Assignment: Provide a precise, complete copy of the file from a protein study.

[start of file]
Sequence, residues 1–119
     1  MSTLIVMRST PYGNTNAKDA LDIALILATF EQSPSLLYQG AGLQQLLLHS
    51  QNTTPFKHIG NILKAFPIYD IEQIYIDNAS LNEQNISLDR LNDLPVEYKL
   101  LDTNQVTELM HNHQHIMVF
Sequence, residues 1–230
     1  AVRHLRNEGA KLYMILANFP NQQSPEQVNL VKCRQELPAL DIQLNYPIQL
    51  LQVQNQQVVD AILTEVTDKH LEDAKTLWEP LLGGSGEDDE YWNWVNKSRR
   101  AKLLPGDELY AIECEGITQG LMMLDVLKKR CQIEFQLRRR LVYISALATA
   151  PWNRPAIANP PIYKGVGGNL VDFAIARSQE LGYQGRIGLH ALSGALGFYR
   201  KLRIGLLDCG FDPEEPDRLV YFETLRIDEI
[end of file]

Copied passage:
Sequence, residues 1–119
     1  MSTLIVMRST PYGNTNAKDA LDIALILATF EQSPSLLYQG AGLQQLLLHS
    51  QNTTPFKHIG NILKAFPIYD IEQIYIDNAS LNEQNISLDR LNDLPVEYKL
   101  LDTNQVTELM HNHQHIMVF
Sequence, residues 1–230
     1  AVRHLRNEGA KLYMILANFP NQQSPEQVNL VKCRQELPAL DIQLNYPIQL
    51  LQVQNQQVVD AILTEVTDKH LEDAKTLWEP LLGGSGEDDE YWNWVNKSRR
   101  AKLLPGDELY AIECEGITQG LMMLDVLKKR CQIEFQLRRR LVYISALATA
   151  PWNRPAIANP PIYKGVGGNL VDFAIARSQE LGYQGRIGLH ALSGALGFYR
   201  KLRIGLLDCG FDPEEPDRLV YFETLRIDEI